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ENTERTAINMENT
Hard work is paying off for Buddy's favorite son

By Don Usherson

You've probably heard these comments almost as much as I 5: "You can't become a star in Las Vegas first! You have to do it elsewhere and then come here as a star!"

Well, we know that Wayne Newton, Shecky Greene, Rip Taylor and Kenny Kerr are examples to the contrary.

There is another rising star who, like the above, may find extraordinary success here in Vegas first. He certainly is well on his way.

I remember vividly when Sandy Hackett, a kid fresh out school and a "21" dealer at the Sahara, first took the stage at Rumors Comedy Corner started by local writer Joe Be-har, comic Rip Taylor and yours truly back in 1977.

To say the laughs were sporadic is being kind. Both Sandy and his friends knew he had a long uphill battle.

Contrary to the opinion of a few detractors that this young director of several highly successful local talent showcases had it made it in showbiz because of whom his dad was, he has never stopped working very to make it on his own. Sure, dad has helped some along the way, but that's a guarantee of opportunity, not success.

I have watched Sandy grow as a performer from a brash young kid who relied mostly' on his dad's material and who was easily thrown off course by hecklers to a polished comedian who now writes most of his own stuff and who handles an audience like they were drinking buddies.

To see him "kill" a crowd like he did last week in the featured comedy spot of the "Folies Bergere" at the Tropicana should make any Las Vegan proud of one of its own.

From the time he walks onstage through his sure-to-be-classic "Keno" routine, one can finally see the greatness of Buddy Hackett in the kid who some thought 10 years ago wouldn't be able to shine his dad's comedy shoes.

There are dozens of offspring of famous people who can tell you how much of a burden it can be when you pursue the same field as the parent. Few ever overcome having to measure up to the never-ending comparison.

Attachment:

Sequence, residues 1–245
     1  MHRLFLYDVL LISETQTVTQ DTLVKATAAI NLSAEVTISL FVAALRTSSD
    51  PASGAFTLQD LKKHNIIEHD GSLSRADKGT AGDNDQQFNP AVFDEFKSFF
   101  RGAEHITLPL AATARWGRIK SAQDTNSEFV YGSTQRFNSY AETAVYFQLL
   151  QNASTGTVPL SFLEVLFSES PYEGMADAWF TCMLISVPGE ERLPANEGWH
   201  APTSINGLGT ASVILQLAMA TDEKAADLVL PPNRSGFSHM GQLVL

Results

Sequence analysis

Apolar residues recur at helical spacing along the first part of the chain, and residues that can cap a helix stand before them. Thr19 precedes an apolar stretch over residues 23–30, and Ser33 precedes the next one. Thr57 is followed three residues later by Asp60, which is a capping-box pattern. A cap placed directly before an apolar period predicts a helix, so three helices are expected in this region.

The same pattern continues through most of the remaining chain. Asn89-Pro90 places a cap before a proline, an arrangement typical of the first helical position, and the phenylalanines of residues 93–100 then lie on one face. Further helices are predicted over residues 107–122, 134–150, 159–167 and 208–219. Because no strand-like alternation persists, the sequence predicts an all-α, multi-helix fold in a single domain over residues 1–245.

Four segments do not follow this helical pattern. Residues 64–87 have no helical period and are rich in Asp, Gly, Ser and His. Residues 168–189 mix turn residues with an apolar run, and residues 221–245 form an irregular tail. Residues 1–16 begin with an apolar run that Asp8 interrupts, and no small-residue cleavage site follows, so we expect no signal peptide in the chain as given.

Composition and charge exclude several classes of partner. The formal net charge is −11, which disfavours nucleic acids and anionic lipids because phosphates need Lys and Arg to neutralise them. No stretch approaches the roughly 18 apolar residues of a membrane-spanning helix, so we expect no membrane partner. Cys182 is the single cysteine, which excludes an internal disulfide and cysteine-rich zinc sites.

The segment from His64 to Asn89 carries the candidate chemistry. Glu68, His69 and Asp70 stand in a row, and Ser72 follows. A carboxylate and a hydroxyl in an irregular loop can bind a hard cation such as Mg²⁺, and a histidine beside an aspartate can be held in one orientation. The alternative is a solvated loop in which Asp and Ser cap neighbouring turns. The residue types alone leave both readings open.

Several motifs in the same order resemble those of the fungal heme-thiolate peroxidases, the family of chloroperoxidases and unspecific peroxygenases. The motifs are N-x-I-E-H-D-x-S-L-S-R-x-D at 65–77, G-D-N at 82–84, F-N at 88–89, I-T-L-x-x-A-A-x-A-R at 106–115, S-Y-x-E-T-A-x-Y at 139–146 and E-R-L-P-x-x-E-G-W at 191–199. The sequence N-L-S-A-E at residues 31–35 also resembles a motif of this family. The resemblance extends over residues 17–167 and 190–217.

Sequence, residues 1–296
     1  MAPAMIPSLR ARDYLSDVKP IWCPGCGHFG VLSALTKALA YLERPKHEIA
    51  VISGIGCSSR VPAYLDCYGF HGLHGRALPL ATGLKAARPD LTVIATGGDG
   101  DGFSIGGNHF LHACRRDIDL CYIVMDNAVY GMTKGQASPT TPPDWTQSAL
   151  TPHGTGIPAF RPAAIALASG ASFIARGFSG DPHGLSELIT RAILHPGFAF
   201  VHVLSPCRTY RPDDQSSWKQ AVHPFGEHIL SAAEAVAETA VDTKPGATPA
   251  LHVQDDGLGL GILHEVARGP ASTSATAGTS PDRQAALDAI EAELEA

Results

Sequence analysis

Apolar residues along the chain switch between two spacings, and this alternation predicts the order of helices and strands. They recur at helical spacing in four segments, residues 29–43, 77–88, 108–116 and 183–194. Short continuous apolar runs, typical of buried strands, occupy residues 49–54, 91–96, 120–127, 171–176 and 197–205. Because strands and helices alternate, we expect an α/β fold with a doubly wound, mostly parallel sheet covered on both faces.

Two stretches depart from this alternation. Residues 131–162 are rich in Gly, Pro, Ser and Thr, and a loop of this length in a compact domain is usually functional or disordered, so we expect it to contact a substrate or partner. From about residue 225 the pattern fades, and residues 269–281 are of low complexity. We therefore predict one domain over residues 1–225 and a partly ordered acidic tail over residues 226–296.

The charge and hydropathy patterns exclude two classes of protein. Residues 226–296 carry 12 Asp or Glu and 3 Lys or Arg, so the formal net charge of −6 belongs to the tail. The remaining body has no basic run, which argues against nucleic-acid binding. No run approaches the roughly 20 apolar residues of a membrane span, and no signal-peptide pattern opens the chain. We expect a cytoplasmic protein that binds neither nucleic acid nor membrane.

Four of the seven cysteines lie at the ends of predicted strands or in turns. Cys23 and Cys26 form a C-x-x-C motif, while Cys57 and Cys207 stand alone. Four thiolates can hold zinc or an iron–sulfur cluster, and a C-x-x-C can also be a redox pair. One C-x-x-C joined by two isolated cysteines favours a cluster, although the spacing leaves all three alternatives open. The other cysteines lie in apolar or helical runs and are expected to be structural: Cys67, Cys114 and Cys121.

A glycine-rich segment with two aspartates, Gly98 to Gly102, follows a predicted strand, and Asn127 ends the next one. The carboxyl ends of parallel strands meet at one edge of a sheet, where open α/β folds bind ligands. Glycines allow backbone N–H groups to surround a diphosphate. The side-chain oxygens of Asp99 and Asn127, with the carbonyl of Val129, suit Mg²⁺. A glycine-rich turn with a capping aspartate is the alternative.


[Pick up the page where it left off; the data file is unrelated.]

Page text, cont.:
And though no one excepts donations and expressions of sympathy to start pouring in, it hasn't been the Cakewalk some may think.

I know personally of his hundreds of auditions locally and around the country for comedy jobs. He has raced back and forth to L.A. every pilot season auditioning for television roles. He takes every job available, including dozens of charity gigs each year. He travels around the country doing one-nighters in everything from underpaying comedy clubs to Playboy Clubs.

He's been the comedy half of a short-lived Martin and Lewis-type duo called Hack 'n Sack with singer Richie Sacks. Now, during his off hours, he runs a sandwich shop named Sacks.

He has auditioned for some jobs as corny as portraying one of the Blues Brothers just to get onstage to work.

I've watched him try to perform before a charity crowd poolside at the Dunes while several dozen singers from a local group rudely marched in front of him, distracting the audience from hearing any of his punch lines.

He has appeared on several TV shows and in at least two motion pictures, neither of which won any Academy Award nominations to say the least.

Most importantly, though, over the course of the past 10 years or so, his demeanor onstage, his material and his overall performance have improved to the point that he now ranks as one of the best young comics in the city.

Those that have seen him steadily in the Maxim's "Playboy's Girls of Rock and Roll" and those that saw him most recently in front of 1,000 people each show at the Trop seem to agree, as well as the buyers at each property.

"Playboy's" producer Dennis Levinson has brought him back several times, and "Folies" producer Larry Lee has indicated he would be back in that show when possible. It's not just friends patting him on the back anymore.

Being born with a silver spoon in your mouth may give you a tool to start digging a foundation for success, but it is virtually useless unless, like this young performer, you continue to dig and scratch and scrape with it until you find your own shovel big enough to get the job done.

In order to fill the comedy spot in this magnificent show, previously handled by such pros as Ray Fell, George Carl and Tony D-Andrea, you've got to be good. Producer Lee has never put a bad act in the "Folies."

Sandy once told me the story of how his dad told him that he had proposed to Frank Sinatra that they try to book their sons on the same bill somewhere. Sandy's response was, "What! And face that audience when they find out the Sinatra/Hackett bill they paid big bucks to see was me and Junior?"

Well, I can guarantee the audience at least would not be disappointed in the comedy opening act.

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